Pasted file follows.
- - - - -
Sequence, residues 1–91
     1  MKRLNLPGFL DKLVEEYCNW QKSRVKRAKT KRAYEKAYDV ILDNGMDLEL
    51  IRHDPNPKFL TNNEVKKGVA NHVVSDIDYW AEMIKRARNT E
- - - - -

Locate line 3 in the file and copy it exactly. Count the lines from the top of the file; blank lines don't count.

    51  IRHDPNPKFL TNNEVKKGVA NHVVSDIDYW AEMIKRARNT E